WASHINGTON - December 7 - U.S. Representatives Lynn Woolsey (D-CA), Barbara Lee (D-CA), George Miller (D-CA), Barney Frank (D-MA and twenty-six other House Members today are introducing legislation to protest the efforts of some U.S.-based transnational corporations (e.g. Microsoft, Nike, Wal-Mart, and AT&T) to undermine the most basic human rights of Chinese workers and block proposed new worker rights and labor standards protections in the proposed new Chinese labor law. The legislation calls upon President Bush to take several immediate actions to underscore the commitment of all Americans and our government to support internationally-recognized worker rights. (See corresponding October 31, 2006 letter to the White House that has received no response as yet.)
"We are appalled that the American Chamber of Commerce in China and some of America's most-prestigious, brand-name corporations are leading efforts inside China to weaken, if not block altogether, significant worker rights and protection provisions in the proposed Chinese labor law," Congresswoman Woolsey declared. "This shameful lobbying campaign is totally inconsistent with our country's long-standing commitment to promote respect for fundamental worker rights in law and practice everywhere. It is challenging enough for hard-working Americans to compete in the new global economy without having U.S. corporate leaders seeking to play them off against the least-protected and lowest-wage workers in the world."
"U.S. companies can't claim on the one hand to respect the basic human rights of all Chinese workers while at the same time working to prevent those workers from improving their working conditions and living standards," Congresswoman Lee underscored.
More specifically, the new legislation calls upon President Bush to take the following actions:
(1) instruct the U.S. Ambassador in China and the U.S. Trade Representative to deliver letters to Chinese Government officials in support of worker rights and protection provisions in the "Draft Labor Contract Law";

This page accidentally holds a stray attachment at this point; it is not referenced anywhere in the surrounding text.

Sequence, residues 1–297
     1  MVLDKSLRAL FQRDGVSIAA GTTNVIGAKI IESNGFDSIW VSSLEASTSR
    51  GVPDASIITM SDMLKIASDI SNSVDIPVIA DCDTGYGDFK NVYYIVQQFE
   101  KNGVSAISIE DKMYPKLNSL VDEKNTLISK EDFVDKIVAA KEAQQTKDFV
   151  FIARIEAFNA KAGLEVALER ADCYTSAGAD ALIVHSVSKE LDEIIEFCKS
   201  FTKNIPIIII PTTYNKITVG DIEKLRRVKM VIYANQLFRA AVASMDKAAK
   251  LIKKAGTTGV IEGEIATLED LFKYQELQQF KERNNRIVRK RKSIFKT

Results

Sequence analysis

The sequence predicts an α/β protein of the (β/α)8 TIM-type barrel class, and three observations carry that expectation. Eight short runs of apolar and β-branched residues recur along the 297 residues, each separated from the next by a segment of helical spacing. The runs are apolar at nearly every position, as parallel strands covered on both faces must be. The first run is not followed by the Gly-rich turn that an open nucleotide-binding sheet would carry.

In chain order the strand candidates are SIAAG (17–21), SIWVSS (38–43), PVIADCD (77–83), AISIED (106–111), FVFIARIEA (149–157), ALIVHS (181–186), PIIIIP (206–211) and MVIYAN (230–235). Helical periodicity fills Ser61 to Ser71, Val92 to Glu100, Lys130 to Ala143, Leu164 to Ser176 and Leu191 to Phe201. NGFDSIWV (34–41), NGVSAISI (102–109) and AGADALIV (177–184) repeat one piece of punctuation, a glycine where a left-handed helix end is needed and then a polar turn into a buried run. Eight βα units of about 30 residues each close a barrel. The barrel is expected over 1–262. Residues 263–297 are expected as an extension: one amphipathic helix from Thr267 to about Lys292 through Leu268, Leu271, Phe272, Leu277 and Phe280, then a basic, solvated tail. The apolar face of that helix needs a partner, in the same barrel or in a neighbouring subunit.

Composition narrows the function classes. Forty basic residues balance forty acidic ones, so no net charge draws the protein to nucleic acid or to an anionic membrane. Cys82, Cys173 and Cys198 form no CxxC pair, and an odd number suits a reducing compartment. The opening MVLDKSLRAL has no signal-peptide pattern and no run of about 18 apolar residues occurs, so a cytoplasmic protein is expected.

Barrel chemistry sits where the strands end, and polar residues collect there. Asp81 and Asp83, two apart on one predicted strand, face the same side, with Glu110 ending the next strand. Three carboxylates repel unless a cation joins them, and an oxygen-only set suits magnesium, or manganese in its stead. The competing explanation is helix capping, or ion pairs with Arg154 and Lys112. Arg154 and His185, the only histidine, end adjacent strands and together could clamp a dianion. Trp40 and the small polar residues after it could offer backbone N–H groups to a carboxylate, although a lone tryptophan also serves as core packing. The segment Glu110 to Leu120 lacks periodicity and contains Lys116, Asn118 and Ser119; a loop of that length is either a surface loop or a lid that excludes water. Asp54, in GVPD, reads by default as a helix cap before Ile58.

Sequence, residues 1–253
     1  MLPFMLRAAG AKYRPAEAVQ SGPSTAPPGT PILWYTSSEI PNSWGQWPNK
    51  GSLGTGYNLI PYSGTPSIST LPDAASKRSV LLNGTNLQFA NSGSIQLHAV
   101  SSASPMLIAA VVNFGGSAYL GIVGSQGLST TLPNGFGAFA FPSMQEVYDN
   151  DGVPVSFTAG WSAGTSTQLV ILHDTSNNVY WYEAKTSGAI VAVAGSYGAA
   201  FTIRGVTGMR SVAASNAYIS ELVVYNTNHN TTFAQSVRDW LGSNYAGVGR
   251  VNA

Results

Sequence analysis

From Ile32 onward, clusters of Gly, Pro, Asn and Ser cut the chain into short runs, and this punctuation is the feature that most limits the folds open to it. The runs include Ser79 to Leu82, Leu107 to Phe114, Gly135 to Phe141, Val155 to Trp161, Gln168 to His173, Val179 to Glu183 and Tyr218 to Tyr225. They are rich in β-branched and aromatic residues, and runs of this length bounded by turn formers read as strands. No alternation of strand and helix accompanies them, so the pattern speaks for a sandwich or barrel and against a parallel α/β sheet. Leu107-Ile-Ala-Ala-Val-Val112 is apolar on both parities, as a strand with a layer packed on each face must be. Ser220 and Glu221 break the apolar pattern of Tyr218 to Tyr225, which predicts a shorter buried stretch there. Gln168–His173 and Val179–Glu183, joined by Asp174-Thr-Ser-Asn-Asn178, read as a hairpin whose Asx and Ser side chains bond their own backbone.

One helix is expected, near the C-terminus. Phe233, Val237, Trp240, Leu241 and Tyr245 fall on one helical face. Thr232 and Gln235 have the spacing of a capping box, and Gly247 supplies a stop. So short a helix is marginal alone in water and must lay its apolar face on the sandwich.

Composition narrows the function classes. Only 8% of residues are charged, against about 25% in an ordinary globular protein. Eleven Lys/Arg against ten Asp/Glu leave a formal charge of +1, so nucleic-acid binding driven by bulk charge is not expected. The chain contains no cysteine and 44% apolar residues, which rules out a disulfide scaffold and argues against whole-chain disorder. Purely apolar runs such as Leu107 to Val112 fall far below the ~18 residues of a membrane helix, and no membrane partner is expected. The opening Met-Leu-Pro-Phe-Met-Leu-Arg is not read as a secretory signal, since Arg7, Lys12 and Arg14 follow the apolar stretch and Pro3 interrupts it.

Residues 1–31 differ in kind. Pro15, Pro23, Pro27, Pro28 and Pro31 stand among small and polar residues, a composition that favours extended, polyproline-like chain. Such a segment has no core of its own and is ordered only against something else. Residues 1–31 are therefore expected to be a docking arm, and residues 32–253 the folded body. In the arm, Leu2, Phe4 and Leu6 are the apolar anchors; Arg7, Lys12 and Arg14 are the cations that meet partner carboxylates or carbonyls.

(2) repudiate the efforts of any U.S.-based corporations and their representatives doing business in China to weaken such provisions; and
(3) urge pertinent U.S.-based corporations and their representatives doing business in China to reverse their opposition and make clear their commitment to the universal rights of all Chinese workers and to improve their working conditions and living standards. Last month, Global Labor Strategies, Inc, a Boston-based
think tank, released a ground-breaking study entitled "Behind the Great Wall of China" that disclosed the details of this U.S. corporate campaign. Its findings were disclosed on the front page of the New York Times on October 13th.
"What our report uncovered was the opposition of U.S.-based corporations to even modest reforms of Chinese labor law. Their lobbying against expanded rights for Chinese workers casts serious doubt on their assertion that globalization will raise standards around the world. Congress should investigate the real impact of policies that promote corporate globalization and the effects on American workers." [A copy of the report is available at www.laborstrategies.org.]